Performance Point: “As a team we knew it was a big match for seeding purposes at team states, and we want to get the one seed,” Jenkins said of the Davison match. “We thought we worked for it and we deserve it. Individually, I thought I’d perform better against (Gilmore), and I knew I had to get that win. I didn’t expect him to come out like he did; he surprised me a little bit. But I just kept my focus, tried to get my offense going a little more. I was passive the first two periods, but as the match progressed I started getting more aggressive, getting my leg attacks.”
Always in the title hunt: “We always expect to be great. We know how hard we work, how hard our coaches and staff work, and we expect to be in that position come February and March. We’re a little more unified this year. Losing two years in a row to Davison, that left a bad taste in guys’ mouths. We worked harder in the offseason, for sure.”
Starting from scratch: “I had about a month of wrestling in eighth grade. (But) I really wanted it, and my coaches don’t really let me take reps off. It’s either give everything you have, or don’t do it. Honestly, I’d heard (DCC wrestlers) win a lot, and I love to win, love to compete, and that was a big part of it for me. Around the middle of my sophomore year I saw guys like Myles (Amine), Trevor (Zdebski), how they kept advancing through the season and getting better although they were returning state champs. Everything clicked then. (They taught me) never stop getting better. You’ve got to keep going and going. Wrestling is a hard sport. You’re going to have ups and downs, but if you listen to what your coaches say and do the right things, you’ll have greatness in it.”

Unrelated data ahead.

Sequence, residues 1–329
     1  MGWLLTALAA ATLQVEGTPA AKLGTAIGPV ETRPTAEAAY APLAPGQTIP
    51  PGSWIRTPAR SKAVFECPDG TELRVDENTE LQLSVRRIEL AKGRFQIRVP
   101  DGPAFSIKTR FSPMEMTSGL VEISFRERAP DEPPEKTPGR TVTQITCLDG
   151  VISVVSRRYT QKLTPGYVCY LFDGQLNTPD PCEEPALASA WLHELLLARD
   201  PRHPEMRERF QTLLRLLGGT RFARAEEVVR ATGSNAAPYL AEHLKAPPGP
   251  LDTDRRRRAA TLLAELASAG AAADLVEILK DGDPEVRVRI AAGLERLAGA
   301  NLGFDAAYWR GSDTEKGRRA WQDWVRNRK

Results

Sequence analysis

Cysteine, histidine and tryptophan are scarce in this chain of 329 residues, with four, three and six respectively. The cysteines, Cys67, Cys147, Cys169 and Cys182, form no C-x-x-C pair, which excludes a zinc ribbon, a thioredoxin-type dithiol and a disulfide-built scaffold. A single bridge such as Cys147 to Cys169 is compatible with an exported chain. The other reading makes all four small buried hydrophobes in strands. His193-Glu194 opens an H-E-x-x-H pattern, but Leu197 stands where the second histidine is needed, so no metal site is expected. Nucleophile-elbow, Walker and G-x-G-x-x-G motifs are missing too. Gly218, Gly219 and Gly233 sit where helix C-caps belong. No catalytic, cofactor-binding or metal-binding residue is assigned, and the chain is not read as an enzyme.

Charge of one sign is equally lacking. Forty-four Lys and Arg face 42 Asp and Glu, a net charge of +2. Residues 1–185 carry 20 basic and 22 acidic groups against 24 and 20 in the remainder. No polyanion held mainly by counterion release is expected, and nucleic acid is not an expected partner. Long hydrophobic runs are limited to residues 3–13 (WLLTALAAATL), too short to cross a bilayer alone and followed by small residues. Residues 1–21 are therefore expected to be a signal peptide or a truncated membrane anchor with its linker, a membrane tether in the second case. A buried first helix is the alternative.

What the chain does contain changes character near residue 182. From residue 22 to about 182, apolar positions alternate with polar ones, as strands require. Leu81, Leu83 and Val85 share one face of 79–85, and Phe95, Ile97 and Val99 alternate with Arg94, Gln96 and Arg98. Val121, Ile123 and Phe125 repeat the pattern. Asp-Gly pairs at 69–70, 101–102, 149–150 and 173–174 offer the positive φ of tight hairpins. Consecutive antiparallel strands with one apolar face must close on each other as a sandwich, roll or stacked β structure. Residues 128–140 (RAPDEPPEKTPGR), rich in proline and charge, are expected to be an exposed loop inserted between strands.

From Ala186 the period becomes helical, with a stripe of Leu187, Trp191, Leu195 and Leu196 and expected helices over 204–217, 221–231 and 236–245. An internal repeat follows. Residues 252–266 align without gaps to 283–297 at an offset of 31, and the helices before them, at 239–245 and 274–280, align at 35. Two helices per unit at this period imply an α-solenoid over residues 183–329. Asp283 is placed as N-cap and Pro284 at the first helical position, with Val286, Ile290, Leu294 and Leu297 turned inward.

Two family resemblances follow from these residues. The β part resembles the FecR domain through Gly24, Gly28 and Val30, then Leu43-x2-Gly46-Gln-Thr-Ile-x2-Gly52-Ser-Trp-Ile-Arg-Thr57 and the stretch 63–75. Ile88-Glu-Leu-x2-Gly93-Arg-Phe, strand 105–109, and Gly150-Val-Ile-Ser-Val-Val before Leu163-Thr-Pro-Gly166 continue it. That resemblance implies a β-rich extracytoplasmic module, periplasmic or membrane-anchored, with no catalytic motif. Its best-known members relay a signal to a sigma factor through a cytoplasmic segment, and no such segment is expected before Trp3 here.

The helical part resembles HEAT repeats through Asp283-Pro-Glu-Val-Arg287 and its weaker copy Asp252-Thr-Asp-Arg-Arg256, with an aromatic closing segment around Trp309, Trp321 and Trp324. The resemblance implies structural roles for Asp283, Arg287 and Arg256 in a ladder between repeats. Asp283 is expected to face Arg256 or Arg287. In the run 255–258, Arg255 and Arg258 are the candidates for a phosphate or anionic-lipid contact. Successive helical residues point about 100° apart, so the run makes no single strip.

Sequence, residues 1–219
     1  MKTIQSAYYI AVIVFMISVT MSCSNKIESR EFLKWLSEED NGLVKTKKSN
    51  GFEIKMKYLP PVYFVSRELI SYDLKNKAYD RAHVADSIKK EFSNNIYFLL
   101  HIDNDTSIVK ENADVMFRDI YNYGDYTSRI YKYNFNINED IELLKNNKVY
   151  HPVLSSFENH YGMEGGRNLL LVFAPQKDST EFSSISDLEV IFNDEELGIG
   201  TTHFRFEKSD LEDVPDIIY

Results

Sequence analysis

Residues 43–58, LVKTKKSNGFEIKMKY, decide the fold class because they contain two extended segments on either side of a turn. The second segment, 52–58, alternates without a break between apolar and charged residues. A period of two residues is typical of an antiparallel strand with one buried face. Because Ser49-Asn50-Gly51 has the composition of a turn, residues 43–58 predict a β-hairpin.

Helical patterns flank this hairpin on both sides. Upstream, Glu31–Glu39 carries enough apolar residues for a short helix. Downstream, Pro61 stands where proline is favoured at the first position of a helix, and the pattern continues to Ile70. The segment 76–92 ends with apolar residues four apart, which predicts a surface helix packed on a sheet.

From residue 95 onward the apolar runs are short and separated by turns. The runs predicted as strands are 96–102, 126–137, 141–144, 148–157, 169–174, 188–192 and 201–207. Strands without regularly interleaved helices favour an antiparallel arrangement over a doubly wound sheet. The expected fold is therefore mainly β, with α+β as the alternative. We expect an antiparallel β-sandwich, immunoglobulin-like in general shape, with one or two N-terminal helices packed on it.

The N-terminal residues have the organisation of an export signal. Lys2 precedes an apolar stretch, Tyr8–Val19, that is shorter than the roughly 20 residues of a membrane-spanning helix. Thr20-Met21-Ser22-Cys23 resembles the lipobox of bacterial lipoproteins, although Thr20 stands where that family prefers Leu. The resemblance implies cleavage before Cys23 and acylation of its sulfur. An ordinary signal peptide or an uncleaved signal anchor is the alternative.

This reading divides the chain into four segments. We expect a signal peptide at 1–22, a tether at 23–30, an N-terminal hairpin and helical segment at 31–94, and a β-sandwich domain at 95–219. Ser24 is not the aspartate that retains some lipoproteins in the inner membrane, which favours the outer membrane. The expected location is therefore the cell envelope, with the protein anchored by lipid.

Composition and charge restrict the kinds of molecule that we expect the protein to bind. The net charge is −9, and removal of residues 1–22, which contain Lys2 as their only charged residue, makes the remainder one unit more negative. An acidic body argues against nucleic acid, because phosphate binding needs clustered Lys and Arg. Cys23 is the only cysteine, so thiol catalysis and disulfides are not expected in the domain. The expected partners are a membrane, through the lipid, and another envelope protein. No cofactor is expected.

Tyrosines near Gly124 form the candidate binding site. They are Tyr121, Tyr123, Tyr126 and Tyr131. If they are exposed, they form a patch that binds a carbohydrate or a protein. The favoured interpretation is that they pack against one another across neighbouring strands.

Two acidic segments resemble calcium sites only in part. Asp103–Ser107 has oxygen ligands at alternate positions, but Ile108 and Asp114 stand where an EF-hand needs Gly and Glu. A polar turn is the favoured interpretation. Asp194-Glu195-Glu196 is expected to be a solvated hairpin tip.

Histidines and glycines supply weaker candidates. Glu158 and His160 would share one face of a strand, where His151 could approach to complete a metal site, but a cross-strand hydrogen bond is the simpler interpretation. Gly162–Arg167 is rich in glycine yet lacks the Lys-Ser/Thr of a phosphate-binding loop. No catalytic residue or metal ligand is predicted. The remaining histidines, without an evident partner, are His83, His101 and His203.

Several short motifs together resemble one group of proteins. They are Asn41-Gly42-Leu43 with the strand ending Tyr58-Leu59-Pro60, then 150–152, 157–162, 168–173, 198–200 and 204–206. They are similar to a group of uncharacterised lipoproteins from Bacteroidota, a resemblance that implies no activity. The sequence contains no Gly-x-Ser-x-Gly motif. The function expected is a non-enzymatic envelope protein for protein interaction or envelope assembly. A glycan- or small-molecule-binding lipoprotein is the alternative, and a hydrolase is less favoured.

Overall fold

Learning to win: “(Success) is just kinda expected at CC. They don’t settle for anything less than giving your best, and if you give your best all the time you’re going to find success on and off the field. My brother (Jordan) went here before me, so I’d experienced that before and I had a solid mentality coming into CC. … (Hancock and football coach Tom Mach) really aren’t too much different. Both teams work hard; the coaches demand success of you. They preach the same messages: consistency, hard work and work ethic.”